Jump to content
  • Welcome to the eG Forums, a service of the eGullet Society for Culinary Arts & Letters. The Society is a 501(c)3 not-for-profit organization dedicated to the advancement of the culinary arts. These advertising-free forums are provided free of charge through donations from Society members. Anyone may read the forums, but to post you must create a free account.

Grocery stores begin growing their own produce in store


Anna N
 Share

Recommended Posts

Here

 

C12B03A8-8806-4453-B28A-59AA7CB0DB25.thumb.jpeg.60b35bd8f1f5880d90b46bb27765f789.jpeg

 

14B20E61-539B-4F29-92FC-9AFA9000AA9E.thumb.jpeg.4b2dd912bda2d6fb0076da08003ec285.jpeg

 

Photos are from one of our local Sobeys.  
 

 

  • Like 11
  • Thanks 2

Anna Nielsen aka "Anna N"

...I just let people know about something I made for supper that they might enjoy, too. That's all it is. (Nigel Slater)

"Cooking is about doing the best with what you have . . . and succeeding." John Thorne

Our 2012 (Kerry Beal and me) Blog

My 2004 eG Blog

Link to comment
Share on other sites

The pandemic has taught me this: Every home should be growing something, even without an outdoor garden.

 

So nice I don't have to sanitize my salad greens. So nice I don't have to go to stores for many vegetables.

 

dcarch

 

 

 

Edited by dcarch (log)
  • Like 4
  • Delicious 1
Link to comment
Share on other sites

9 minutes ago, KennethT said:

@Anna NI was just reading about a Whole Foods in Manhattan that was partnerning with a small hydroponic herb producer who sells (sold, prepandemic) mostly to restaurants.

Well I do hope this catches on and it’s not just a fad. Even fresh herbs would be nice rather than those little clam shells. (It’s no good telling me to grow my own. Been down that road and found it dusty and inhospitable.)

  • Like 2

Anna Nielsen aka "Anna N"

...I just let people know about something I made for supper that they might enjoy, too. That's all it is. (Nigel Slater)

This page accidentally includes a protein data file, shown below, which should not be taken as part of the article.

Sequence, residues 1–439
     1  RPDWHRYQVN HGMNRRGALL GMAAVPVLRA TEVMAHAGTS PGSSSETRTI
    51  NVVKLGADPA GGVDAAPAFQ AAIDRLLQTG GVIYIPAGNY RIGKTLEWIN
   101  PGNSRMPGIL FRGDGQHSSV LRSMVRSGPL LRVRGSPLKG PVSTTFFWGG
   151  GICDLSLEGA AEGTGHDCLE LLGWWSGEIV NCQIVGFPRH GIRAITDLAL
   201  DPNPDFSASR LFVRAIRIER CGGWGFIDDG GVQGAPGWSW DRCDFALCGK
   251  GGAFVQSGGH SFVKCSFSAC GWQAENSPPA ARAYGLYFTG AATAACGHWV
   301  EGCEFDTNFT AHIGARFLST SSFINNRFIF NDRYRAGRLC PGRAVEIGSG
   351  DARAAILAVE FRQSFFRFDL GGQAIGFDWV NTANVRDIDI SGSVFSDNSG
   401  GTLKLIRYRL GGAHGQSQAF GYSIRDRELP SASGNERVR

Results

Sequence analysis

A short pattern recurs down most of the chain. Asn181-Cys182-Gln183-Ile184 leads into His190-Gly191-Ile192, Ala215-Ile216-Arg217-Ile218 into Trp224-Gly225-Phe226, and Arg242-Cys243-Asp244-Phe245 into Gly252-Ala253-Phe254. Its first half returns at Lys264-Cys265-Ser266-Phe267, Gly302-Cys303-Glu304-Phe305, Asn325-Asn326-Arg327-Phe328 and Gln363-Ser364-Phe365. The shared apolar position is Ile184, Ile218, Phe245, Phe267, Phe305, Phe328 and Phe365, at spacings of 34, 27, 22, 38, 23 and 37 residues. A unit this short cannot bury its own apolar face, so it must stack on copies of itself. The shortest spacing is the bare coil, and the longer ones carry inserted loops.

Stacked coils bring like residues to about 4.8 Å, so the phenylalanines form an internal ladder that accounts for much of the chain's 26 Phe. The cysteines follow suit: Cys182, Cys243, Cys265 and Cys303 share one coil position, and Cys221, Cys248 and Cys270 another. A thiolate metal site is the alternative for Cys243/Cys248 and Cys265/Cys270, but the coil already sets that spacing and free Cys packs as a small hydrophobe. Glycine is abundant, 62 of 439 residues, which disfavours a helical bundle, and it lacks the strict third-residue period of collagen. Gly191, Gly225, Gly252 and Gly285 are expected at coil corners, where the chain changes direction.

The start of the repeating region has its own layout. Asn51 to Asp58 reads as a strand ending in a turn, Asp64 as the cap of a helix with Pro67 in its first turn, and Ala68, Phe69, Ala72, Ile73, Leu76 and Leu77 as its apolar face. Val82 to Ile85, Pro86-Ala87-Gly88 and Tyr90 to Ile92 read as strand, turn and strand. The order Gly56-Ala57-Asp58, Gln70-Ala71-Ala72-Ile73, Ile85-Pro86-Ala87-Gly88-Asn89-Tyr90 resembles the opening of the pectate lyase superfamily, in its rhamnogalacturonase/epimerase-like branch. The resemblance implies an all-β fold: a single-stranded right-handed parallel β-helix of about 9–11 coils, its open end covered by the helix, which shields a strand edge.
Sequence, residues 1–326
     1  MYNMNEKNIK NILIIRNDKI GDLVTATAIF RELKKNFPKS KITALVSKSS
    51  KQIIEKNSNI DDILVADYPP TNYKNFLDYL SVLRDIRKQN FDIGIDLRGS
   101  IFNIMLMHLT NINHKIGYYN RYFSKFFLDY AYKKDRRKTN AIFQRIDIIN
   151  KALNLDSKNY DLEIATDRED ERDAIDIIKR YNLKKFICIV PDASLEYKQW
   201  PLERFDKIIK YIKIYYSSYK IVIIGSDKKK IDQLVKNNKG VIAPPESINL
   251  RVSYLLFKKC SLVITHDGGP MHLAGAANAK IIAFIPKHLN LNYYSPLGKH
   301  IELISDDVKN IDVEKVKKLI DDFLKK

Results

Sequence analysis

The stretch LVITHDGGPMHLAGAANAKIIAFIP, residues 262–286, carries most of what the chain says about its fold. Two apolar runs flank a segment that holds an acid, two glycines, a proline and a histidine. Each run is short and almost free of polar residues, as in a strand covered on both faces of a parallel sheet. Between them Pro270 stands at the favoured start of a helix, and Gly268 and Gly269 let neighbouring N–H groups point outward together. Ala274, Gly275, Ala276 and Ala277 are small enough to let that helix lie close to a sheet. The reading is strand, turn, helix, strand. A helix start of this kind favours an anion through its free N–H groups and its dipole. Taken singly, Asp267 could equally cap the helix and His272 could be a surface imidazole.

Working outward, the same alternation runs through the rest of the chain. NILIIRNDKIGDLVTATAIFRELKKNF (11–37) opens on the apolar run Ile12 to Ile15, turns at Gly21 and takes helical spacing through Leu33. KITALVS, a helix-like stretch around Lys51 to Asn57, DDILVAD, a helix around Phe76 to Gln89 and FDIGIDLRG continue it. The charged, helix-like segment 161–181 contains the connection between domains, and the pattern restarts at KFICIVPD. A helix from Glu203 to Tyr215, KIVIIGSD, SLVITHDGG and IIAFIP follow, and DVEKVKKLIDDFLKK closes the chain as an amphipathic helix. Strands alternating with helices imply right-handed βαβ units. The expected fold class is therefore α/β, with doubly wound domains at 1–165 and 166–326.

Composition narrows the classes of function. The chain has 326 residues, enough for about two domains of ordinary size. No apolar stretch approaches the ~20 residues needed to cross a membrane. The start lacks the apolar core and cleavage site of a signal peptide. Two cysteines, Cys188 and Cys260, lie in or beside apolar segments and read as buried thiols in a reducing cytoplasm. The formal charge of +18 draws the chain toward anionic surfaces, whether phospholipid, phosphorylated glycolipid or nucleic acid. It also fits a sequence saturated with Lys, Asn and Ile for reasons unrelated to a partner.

"Cooking is about doing the best with what you have . . . and succeeding." John Thorne

Our 2012 (Kerry Beal and me) Blog

My 2004 eG Blog

Link to comment
Share on other sites

4 hours ago, dcarch said:

The pandemic has taught me this: Every home should be growing something, even without an outdoor garden.

 

So nice I don't have to sanitize my salad greens. So nice I don't have to go to stores for many vegetables.

 

dcarch

 

 

 

 

Yup.  I'm more afraid of other infections than covid from my salad, though.

  • Like 1
Link to comment
Share on other sites

Warm moist conditions favor the growth of more than greens.

I wonder how rigorous the supermarket procedures have to be to keep this set-up from growing nasty things.

 

Having said that, I do think its safer this way than the traditional distribution method and has the added benefit of longer shelf-life, since the greens don't spend a week or two between picking and the eventual sale.

 

ETA...Looking at their website, they grow mostly herbs as opposed to what would make up the body of a salad. There are a couple salad greens for sure, but I infer that they can't grow bulk greens on a practical scale yet.

Edited by gfweb (log)
Link to comment
Share on other sites

Scale seems limited. Cost? Cute but financially viable? We buy the potted herbs in major chains like Kroger in the produce aisle and at TJ. Maybe sprouting our own greens at home makes more ecological and financial sense.

  • Like 1
Link to comment
Share on other sites

Also when I was at ICE in NYC a couple of years back visiting Michael Laiskonis they had a huge version of this. It was kept scrupulously clean - and apparently they had to fertilize plants manually with a toothbrush because there were no insects to do so. 

 

Chocdoc and Patris Lunching with Laiskonis

  • Like 1
  • Delicious 1
Link to comment
Share on other sites

9 hours ago, Kerry Beal said:

Also when I was at ICE in NYC a couple of years back visiting Michael Laiskonis they had a huge version of this. It was kept scrupulously clean - and apparently they had to fertilize plants manually with a toothbrush because there were no insects to do so. 

 

Chocdoc and Patris Lunching with Laiskonis

Those plants look like they're hydroponically grown with no media - looks like an NFT (nutrient film technique) system where the plants sit in channels where a river of nutrient runs over the bare roots. It's a great technique for short lived plants - they grow really quickly due to the high oxygen concentration in the root zone. And it's easy to clean and keep clean.  It's not good for long term plants because as the plant grows, so does the root system, and an older plant will probably clog the channel causing at best what's known as ponding - stagnant anaerobic nutrient in the channel and at worst a flood all over the floor.

  • Like 1
Link to comment
Share on other sites

  15 hours ago, KennethT said:

@Anna NI was just reading about a Whole Foods in Manhattan that was partnerning with a small hydroponic herb producer who sells (sold, prepandemic) mostly to restaurants.